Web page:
1. If the town could fund these things without a tax increase, why should it go to a GO bond vote?
2. What's the threshold for spending before it should go to the citizens for a vote regardless of how it is funded?
To the first question, when Davidson already has the highest tax rate and solid waste fee compared to its neighbors by significant margins, just saying a major spending item won't require a further tax increase frankly is not good enough.
To the second question, as far as a set dollar amount before going to voters, one could say anything more than 75% of a year's general fund budget might be the line under normal circumstances for a relatively wealthy town like Davidson. Some people might go as high as 100%. We here at aShortChronicle are big fans of small-d democracy whenever feasible, so setting the threshold lower feels better for a small town. The target percentage might also change over time as the general fund budget grows and the percentage should definitely be lower for non-core services. One would also have to consider the overall debt burden of the town.
Using that math, the new Town Hall with the necessary contingency would qualify for a vote by the numbers presented by the Creech/Stantec consulting team.
$9.189m + 30% contingency = $11.95m. Next year's proposed general fund budget is $11m, so you are way over the proposed threshold regardless of whether or not you use the 75% or 100% of general fund percentage.
In the particular scenario before Davidson now, one has to factor in the $1.8m remodel of Town Hall for public safety needs as well. This could and should be covered out of the town's excess reserves. Public safety is a core service and should be covered automatically. However, in this case it is linked to the new Town Hall piece of the project. (Remodeling the existing Town Hall for public safety means the other staff does need a place to sit.) To do both, the Board should either get the cost of the New Town Hall piece down to a lower level to not necessarily need a vote or reduce it enough to be confident it would pass with a majority of voters on a GO bond.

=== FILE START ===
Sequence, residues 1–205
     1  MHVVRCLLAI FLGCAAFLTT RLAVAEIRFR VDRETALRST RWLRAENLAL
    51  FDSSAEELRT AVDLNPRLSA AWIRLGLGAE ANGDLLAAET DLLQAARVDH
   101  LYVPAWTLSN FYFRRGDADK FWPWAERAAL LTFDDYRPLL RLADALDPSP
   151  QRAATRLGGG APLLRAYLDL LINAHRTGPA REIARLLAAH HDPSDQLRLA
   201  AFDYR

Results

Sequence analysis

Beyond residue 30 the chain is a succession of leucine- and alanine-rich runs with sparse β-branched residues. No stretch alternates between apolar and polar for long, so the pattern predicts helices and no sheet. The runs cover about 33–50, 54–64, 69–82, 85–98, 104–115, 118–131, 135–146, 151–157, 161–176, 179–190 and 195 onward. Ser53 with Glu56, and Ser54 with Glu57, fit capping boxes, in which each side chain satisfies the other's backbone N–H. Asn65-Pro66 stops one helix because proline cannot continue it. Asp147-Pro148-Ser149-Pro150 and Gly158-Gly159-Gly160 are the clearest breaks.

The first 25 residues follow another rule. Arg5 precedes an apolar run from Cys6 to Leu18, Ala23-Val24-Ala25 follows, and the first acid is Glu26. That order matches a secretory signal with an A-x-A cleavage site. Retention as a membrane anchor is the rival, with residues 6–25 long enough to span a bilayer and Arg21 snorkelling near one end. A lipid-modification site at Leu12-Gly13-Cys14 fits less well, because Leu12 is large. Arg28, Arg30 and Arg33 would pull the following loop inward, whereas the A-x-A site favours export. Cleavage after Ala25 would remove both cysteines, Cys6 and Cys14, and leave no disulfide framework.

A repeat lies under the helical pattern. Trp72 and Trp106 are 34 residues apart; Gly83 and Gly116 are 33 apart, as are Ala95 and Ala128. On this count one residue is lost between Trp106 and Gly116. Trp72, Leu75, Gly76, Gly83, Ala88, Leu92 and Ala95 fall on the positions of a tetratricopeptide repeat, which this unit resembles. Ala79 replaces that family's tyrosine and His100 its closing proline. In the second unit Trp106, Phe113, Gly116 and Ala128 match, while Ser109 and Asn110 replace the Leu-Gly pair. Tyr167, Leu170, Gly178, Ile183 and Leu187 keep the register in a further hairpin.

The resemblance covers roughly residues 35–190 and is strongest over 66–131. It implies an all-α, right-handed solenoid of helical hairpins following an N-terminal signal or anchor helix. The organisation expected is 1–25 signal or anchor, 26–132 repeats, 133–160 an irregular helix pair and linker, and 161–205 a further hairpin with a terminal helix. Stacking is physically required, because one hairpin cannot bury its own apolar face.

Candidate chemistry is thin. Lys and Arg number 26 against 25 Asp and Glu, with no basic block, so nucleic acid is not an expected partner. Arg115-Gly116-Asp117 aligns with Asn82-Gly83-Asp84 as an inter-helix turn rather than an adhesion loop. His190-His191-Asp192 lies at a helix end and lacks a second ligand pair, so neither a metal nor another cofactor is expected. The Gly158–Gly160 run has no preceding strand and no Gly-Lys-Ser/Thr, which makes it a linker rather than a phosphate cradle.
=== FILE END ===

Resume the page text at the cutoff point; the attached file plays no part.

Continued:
Incidentally, another reader who is very familiar with estimating construction projects told aShortChronicle today "letting the architect create the budget for a project is like Col. Sanders guarding the chickens. Two story Town Hall, 16,000 sf, $275/sf including furniture and contingencies. No piazza, no loggia, no Farmer's Market, no relocated playground, etc. $5 million."
If the town was in that ballpark we likely wouldn't even be having this conversation about a bond vote for it.
All that said, that would all be under normal circumstances, and Davidson (like it or not) is not really there due to Mi-Connection and other more recent decisions/plans.
The Board can ignore that reality if it wants, but the public won't.
The town's out of pocket real annual expense for Mi-Connection has dropped $300k over the past couple of years since they are no longer putting extra money aside for the added obligation to Mooresville under the two towns' current deal, but there has never been a serious word spoken about giving anything back to taxpayers. There may have been legitimate public safety needs for that money and that's not really being questioned here. However, it factors into the overall situation.
There is a growing trust problem with Town Hall among a significant portion of the citizens. That's evidenced by the significantly dropping scores in the governing section of the recent National Citizen Survey.
Overall direction down 26 pts.
Confidence in town govt down 15 pts
Acting in best interest of town down 18pts
Being honest down 13 pts
Treating all residents equally down 11 pts
1 in 4 rate Davidson's direction "poor".
Even if those categories overall are still positive, the direction is not. Furthermore, that change in direction has happened on this Board's watch pretty much entirely due to their own actions.
If official Towndom is concerned citizens might not pass a bond for something truly important, that official Towndom has nobody but itself to blame.